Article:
English intonation examples – introduction
This article take a light-hearted look at some fun English intonation examples.
This English intonation examples video is based on this post and is here for those who prefer to see a video.
What is intonation?
As in music, intonation is the melody, the way in which the tone varies in pitch and the way in which certain words or syllables are stressed or emphasised.
As a quick introductory example, think of the word ‘hello’. There are various different ways in which this one word can be spoken.
Think of how you would say this word when:
- greeting your boss
- greeting your best friend
- answering the phone
- approaching an attractive (wo)man you don’t know
- talking to a small baby
By all means say these out loud, so that the differences are really clear.
You can drastically change the meaning of a whole sentence with this method.
Here are a few fun English intonation examples.
Emphasising a different word in a sentence
If we saw the sentence “I didn’t say you stole my money” in an email, how would you understand it?
Believe it or not, this sentence can have seven different meanings, based on the intonation. I’ll indicate the stressed word by bold italics.
- I didn’t say you stole my money. (someone else said it)
- I didn’t say you stole my money. (emphasises the negative)
- I didn’t say you stole my money. (you stole it, I just didn’t actually say it)
- I didn’t say you stole my money. (someone else stole it)
- I didn’t say you stole my money. (didn’t steal my money, but you do have it)
- I didn’t say you stole my money. (you stole someone else’s money)
- I didn’t say you stole my money. (you stole something else of mine)
On a serious note (my apologies), this does show how easy it is to misunderstand written communication. It is worth taking the time to make sure that the reader will understand what you write in the way you meant it. That was enough serious stuff …
Which version do you think Merkel is saying to Putin? 🙂
You can try a similar exercise yourself with these sentences:
- “She isn’t driving to London today.”
- “He didn’t tell you to fight him.” (emphasising the word ‘to’ is not necessary)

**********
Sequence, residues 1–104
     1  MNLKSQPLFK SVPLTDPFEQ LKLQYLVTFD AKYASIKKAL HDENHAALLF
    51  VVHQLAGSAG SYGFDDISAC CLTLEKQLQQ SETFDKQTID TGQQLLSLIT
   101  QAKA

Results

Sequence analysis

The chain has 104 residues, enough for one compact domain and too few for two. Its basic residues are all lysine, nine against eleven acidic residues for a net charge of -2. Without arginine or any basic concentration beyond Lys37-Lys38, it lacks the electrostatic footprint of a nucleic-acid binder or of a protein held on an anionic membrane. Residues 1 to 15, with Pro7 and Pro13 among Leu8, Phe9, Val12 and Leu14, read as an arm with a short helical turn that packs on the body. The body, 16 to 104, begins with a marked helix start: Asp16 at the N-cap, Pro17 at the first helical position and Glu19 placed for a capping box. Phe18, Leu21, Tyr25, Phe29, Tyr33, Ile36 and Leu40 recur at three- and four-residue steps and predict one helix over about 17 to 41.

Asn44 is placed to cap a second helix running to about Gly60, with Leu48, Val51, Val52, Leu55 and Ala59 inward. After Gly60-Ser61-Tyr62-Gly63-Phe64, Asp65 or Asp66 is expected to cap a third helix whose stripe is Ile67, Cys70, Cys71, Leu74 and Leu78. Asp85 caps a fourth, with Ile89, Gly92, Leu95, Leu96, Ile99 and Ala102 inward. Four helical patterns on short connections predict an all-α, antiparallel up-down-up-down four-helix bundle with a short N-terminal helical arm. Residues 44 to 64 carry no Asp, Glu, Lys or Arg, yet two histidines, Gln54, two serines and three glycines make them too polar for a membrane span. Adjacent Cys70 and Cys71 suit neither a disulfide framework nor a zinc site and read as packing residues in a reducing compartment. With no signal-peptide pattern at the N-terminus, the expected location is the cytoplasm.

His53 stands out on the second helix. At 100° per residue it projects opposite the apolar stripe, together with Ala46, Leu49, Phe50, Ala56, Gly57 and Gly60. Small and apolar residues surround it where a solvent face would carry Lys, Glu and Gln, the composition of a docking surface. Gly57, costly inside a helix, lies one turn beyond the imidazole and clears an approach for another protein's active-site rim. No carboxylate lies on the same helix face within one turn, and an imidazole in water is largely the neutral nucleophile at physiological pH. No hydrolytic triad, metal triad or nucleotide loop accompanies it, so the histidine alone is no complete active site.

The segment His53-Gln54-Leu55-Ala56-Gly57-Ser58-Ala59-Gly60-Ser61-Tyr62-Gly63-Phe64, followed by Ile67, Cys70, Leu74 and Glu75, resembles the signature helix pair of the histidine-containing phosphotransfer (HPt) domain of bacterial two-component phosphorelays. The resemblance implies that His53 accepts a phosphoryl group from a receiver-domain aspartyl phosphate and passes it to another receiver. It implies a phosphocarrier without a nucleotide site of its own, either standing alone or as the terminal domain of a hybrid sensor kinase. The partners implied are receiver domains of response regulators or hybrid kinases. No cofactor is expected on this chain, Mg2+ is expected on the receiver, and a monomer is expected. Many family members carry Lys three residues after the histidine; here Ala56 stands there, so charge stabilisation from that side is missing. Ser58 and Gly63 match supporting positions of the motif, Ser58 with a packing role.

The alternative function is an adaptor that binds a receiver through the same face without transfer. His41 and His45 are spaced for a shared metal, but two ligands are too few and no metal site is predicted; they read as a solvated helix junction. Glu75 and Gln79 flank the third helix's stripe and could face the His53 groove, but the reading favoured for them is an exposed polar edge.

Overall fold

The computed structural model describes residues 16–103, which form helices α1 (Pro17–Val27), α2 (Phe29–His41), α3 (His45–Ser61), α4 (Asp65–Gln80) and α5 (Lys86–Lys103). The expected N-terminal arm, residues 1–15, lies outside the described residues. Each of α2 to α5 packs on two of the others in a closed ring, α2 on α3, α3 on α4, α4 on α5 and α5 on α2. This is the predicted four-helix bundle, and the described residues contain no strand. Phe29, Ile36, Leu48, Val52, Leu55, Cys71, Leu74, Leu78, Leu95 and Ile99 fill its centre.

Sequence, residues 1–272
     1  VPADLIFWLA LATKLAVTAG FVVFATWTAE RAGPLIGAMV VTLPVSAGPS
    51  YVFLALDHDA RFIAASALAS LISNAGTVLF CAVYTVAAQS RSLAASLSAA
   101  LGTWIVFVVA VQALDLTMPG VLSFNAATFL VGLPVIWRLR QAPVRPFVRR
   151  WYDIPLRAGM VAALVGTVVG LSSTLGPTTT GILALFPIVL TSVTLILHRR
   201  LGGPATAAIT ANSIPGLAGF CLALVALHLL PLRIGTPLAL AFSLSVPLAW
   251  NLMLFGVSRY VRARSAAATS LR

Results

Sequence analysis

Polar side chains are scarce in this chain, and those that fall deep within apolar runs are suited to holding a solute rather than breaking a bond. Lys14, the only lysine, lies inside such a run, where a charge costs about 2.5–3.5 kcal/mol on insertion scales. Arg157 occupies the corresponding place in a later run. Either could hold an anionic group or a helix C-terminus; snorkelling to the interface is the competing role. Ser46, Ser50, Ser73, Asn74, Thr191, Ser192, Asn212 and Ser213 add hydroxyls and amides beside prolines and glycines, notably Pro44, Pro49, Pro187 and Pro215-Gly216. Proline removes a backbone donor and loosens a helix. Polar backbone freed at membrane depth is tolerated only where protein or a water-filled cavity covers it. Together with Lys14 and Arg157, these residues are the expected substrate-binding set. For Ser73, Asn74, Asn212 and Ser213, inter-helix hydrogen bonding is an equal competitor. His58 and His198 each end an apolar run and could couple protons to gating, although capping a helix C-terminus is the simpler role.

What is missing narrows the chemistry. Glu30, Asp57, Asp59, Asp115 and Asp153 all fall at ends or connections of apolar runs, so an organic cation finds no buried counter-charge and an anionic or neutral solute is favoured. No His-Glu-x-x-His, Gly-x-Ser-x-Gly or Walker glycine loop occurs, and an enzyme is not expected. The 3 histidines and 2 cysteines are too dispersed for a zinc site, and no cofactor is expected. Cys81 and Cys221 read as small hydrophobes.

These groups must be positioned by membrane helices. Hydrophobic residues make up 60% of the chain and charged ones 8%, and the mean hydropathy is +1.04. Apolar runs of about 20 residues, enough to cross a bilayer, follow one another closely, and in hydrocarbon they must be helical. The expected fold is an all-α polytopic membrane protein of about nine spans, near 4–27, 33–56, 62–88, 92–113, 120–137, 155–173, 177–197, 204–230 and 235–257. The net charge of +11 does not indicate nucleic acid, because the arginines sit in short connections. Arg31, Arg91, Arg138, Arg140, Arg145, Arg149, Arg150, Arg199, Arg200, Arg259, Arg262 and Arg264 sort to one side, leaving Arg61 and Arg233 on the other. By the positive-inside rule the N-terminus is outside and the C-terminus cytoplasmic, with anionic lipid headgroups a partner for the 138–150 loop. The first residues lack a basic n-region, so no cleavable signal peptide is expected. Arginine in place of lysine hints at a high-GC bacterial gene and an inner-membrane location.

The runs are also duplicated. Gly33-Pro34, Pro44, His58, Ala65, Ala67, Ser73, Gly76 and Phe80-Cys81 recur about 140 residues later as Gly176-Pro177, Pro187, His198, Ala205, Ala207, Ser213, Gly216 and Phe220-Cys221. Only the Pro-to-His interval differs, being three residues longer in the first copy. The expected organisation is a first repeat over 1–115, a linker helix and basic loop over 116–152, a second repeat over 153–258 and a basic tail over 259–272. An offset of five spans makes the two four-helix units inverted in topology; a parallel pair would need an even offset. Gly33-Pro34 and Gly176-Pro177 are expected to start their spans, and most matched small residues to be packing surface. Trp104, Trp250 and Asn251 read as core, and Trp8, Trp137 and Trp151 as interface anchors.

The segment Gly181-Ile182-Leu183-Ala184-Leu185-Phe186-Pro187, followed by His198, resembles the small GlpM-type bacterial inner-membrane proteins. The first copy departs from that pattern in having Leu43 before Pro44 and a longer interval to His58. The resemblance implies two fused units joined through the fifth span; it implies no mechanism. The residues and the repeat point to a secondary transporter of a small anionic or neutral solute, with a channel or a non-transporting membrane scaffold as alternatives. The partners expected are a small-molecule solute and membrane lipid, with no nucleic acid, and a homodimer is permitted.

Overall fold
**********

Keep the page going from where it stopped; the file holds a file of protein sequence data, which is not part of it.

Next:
- “I didn’t shoot him yesterday.”
One word, a thousand meanings
At the start of this post, we looked at the word ‘hello’. There is another single word that has many meanings and it’s the word ‘really’.
This has a very broad spectrum of meaning, ranging from “That’s most interesting, please carry on” all the way over to “That’s the most idiotic thing I’ve ever heard”.
Imagine a teenage girl saying this is a bored, drawn out, eye-rolling way and you’ll get some idea of the power of one word, given the right intonation.
Wonderful film example
Lastly, there is a very underrated file, namely The 51st State, which came out in 2001.
There are a few ‘adult’ words in the clip (well, the whole film really), so if you prefer not to hear such language, it’s probably best if you skip it.
I don’t want to give any spoilers, but there is a really funny scene in which subtle intonation differences have harsh consequences for an unfortunate chemist by the name of Lawrence.
The first minute of the following clip shows this.
Did you get the phrase that was causing the problem? Can you spot the intonation difference?
The film is worth watching in its entirety. It shows a side of English culture that is not usually seen.
English intonation examples – summary
Without intonation, speech would be very dull and (literally) monotonous. Even in the early stages of learning a new language, try not to neglect this important aspect.
It might even keep you out of jail and help you avoid telling the policeman “I didn’t burn down that house” 😮
Have you had unexpected problems with emphasis or intonation?
Please tell us about it in the comments below.